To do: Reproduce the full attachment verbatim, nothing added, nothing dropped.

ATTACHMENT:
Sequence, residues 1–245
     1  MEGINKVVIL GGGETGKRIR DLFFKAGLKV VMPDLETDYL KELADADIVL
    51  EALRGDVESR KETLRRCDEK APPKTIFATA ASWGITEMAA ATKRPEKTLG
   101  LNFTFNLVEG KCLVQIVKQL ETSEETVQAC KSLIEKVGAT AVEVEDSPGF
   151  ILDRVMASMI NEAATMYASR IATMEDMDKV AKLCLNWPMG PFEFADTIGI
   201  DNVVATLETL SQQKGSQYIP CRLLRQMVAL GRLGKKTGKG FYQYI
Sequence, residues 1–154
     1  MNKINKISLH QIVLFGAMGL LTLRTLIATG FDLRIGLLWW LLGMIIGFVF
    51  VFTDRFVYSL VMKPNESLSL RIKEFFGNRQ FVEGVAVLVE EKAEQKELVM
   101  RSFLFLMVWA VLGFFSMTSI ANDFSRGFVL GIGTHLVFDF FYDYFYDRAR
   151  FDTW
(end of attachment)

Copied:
Sequence, residues 1–245
     1  MEGINKVVIL GGGETGKRIR DLFFKAGLKV VMPDLETDYL KELADADIVL
    51  EALRGDVESR KETLRRCDEK APPKTIFATA ASWGITEMAA ATKRPEKTLG
   101  LNFTFNLVEG KCLVQIVKQL ETSEETVQAC KSLIEKVGAT AVEVEDSPGF
   151  ILDRVMASMI NEAATMYASR IATMEDMDKV AKLCLNWPMG PFEFADTIGI
   201  DNVVATLETL SQQKGSQYIP CRLLRQMVAL GRLGKKTGKG FYQYI
Sequence, residues 1–154
     1  MNKINKISLH QIVLFGAMGL LTLRTLIATG FDLRIGLLWW LLGMIIGFVF
    51  VFTDRFVYSL VMKPNESLSL RIKEFFGNRQ FVEGVAVLVE EKAEQKELVM
   101  RSFLFLMVWA VLGFFSMTSI ANDFSRGFVL GIGTHLVFDF FYDYFYDRAR
   151  FDTW